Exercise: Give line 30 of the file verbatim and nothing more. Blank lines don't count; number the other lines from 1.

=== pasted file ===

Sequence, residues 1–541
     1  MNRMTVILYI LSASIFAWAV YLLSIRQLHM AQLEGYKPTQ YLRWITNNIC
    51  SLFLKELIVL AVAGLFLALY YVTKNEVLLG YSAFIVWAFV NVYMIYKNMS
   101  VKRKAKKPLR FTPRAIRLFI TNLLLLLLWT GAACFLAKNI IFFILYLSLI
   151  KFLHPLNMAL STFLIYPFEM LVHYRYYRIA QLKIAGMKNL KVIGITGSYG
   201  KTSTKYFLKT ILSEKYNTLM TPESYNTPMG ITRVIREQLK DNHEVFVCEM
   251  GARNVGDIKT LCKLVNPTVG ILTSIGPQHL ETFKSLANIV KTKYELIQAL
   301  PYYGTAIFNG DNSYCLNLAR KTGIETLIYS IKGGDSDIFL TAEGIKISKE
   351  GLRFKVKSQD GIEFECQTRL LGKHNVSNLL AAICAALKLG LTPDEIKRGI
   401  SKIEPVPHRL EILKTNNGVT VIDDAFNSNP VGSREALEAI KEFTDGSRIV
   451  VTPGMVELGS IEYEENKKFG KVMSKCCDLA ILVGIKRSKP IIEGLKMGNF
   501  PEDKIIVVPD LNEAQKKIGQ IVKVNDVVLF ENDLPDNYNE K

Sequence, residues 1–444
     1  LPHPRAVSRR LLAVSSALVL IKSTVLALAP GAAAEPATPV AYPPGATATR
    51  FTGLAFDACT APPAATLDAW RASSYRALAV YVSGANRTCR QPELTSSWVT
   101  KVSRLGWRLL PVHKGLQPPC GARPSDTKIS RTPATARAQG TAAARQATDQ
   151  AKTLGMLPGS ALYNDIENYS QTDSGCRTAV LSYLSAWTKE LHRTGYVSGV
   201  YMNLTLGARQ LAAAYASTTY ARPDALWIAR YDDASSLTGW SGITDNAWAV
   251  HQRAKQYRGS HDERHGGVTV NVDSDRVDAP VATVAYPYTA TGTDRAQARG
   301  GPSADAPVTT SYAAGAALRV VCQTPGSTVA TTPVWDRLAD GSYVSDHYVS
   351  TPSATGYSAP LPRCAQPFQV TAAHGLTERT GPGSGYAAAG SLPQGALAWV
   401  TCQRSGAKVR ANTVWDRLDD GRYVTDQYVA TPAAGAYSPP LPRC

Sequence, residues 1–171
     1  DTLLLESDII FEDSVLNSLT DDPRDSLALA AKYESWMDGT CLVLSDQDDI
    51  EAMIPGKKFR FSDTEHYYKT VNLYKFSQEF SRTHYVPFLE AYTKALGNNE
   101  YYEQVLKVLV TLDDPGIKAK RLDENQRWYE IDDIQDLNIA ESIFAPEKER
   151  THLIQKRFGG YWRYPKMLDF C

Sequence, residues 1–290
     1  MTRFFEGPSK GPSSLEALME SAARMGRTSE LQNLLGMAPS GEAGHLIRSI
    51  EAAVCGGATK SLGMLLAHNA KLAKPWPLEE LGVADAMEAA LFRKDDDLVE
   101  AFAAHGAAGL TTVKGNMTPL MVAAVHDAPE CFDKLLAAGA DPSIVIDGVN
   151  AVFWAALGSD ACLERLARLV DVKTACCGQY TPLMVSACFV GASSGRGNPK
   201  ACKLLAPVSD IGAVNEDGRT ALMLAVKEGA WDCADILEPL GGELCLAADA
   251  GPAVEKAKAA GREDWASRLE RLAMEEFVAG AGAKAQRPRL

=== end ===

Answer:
    51  EAAVCGGATK SLGMLLAHNA KLAKPWPLEE LGVADAMEAA LFRKDDDLVE